The operational characteristics of the equipment are preferably chosen so the fact that the semiconductor elements 5', which are covered by the hollow piston rod 4', have a conductive channel, which is either P-conducting or N-conducting, depending on the design of the semiconductor elements 5' and on the relative potential on the piston rod 4' with respect to the semiconductor elements 5'. In FIG. 14, the piston rod 4' is connected to ground, and the semiconductor elements 5' are therefore chosen to be P-conducting and are connected to the power supply 12', which is positive. This conductivity state means that there is a "high" signal at the inputs of the digital computing elements.
The inputs of the digital computing elements from the semiconductor elements 5', which are not covered by the hollow piston rod 4', are in the "low" state. By connecting the digital computing elements according to a determined solution algorithm, a two-place digital distance signal is produced, which reflects the following four states and, therefore, the corresponding positions of the piston 7'.
______________________________________S1 S2 Distance (mm)______________________________________0 0 0-400 1 40-801 0 80-1201 1 120-160______________________________________
This table describes one example.
The semiconductor elements 5' are connected to an electronic calculating circuit 14'. One example of such a circuit is shown in FIG. 14, which has AND circuits and inverter circuits interconnected as shown.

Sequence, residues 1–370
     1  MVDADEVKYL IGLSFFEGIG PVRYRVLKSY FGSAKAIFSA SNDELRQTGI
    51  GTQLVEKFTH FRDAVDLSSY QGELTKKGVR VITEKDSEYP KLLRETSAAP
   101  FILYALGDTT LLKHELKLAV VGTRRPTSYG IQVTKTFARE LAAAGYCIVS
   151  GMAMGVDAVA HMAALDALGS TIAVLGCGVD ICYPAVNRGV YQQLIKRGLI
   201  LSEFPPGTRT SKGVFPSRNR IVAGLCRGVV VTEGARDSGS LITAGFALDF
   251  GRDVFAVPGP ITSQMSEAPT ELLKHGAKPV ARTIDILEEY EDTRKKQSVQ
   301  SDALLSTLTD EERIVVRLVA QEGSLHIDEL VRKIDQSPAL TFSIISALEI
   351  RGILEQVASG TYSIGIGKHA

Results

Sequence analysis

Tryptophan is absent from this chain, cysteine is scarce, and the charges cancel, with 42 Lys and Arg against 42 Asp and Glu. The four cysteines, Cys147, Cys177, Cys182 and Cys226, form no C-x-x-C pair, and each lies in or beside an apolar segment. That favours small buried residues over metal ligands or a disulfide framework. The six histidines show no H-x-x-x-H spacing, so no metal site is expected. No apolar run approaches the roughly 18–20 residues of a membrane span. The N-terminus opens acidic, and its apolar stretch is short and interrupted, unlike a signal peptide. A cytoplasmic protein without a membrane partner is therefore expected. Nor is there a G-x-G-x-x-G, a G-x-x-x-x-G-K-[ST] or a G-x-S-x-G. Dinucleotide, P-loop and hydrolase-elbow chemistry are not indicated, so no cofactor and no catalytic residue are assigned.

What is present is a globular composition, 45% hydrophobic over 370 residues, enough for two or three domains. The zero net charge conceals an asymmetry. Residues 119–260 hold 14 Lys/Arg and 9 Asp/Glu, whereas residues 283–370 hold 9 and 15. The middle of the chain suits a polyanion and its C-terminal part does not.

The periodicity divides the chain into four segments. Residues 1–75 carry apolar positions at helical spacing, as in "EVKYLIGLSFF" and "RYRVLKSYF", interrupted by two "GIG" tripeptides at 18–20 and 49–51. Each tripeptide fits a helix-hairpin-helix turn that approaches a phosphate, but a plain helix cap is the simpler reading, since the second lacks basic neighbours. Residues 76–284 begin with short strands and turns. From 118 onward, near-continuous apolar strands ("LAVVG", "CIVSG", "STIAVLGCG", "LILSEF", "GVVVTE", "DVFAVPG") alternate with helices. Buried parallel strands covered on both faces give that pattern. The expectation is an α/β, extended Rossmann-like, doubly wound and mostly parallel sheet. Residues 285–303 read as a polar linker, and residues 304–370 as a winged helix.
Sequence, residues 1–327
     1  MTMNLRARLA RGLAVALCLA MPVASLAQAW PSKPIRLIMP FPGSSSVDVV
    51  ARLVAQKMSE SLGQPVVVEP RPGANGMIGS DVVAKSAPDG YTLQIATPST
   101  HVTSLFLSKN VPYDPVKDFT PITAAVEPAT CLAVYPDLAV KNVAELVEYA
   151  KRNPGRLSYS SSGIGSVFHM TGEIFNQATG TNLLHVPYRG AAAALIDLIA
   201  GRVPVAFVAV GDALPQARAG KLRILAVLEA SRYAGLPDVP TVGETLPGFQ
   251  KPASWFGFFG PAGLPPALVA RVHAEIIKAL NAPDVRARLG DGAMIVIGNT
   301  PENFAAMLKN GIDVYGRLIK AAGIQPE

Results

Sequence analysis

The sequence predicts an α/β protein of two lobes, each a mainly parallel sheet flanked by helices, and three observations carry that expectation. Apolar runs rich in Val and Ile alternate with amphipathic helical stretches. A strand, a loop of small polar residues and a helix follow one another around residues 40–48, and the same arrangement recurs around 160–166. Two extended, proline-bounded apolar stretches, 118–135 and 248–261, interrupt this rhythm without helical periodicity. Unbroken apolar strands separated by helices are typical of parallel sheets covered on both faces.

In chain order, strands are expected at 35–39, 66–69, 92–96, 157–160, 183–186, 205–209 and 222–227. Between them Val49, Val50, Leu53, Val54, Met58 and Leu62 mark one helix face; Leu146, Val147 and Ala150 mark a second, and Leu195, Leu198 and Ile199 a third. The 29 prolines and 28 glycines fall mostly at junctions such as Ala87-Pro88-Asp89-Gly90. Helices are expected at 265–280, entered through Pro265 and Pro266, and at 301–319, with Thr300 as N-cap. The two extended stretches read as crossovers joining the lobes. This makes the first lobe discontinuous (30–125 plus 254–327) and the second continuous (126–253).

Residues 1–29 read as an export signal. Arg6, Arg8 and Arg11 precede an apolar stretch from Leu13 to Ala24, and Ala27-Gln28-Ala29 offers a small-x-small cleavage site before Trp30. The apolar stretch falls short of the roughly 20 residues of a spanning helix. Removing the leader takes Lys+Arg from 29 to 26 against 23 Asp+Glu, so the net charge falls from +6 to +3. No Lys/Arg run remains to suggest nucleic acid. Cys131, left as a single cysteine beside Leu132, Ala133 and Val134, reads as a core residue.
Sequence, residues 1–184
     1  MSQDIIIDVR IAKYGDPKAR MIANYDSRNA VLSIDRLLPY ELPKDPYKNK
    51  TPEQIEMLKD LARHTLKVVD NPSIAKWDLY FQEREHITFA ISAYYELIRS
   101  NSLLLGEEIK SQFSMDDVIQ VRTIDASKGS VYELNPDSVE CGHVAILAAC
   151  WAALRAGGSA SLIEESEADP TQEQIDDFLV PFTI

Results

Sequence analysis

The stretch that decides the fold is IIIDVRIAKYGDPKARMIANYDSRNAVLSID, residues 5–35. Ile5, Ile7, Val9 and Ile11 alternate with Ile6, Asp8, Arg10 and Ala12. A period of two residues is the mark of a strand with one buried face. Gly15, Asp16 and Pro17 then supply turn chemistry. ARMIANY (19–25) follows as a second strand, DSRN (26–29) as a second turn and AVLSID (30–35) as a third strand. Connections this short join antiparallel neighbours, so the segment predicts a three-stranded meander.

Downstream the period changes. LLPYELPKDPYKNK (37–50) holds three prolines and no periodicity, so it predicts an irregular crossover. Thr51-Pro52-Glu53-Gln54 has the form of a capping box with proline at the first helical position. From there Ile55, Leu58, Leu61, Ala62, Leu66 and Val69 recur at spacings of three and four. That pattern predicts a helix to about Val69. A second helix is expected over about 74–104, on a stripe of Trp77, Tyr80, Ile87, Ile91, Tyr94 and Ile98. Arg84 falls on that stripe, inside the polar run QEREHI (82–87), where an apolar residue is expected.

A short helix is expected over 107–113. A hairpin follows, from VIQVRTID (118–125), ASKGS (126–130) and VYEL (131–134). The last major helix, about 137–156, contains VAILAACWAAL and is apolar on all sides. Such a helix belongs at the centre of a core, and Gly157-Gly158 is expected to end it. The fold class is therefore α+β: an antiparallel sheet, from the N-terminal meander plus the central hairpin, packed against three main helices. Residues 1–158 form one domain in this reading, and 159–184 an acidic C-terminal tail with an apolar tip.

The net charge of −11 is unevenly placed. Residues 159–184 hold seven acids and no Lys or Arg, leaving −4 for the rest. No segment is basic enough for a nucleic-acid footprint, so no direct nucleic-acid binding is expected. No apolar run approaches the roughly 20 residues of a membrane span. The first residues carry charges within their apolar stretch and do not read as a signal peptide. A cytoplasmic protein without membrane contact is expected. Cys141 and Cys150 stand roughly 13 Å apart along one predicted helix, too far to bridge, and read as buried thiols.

FIG. 15 shows a vibration absorber, basically like the one illustrated in FIG. 14, in which the beam 3' is designed as an electrode, with either an electrical voltage or a ground potential connected thereto. The semiconductor elements 5' are arranged on the inside surface of the hollow piston rod 4' and insulated therefrom and one another in such a way that when there is a telescopic displacement of the piston rod 4' in relation to the cylinder 1', a corresponding overlap is achieved between the semiconductor elements 5' and the beam 3', so that, again, a corresponding measurement signal is sent to an electronic calculating or computing circuit or system 6'. The semiconductor elements 5' are interconnected by a series of conductors A through H, which in turn are connected to the electronic calculating system 6'. The electronic calculating system 6' is preferably connected in an analogous fashion to the electronic circuit of FIG. 14. Electronic circuits of this type are very well known in the art and are used, among other applications, in digital watches, etc. Otherwise, this embodiment corresponds in terms of its function as a vibration absorber to the embodiment already illustrated in FIG. 14.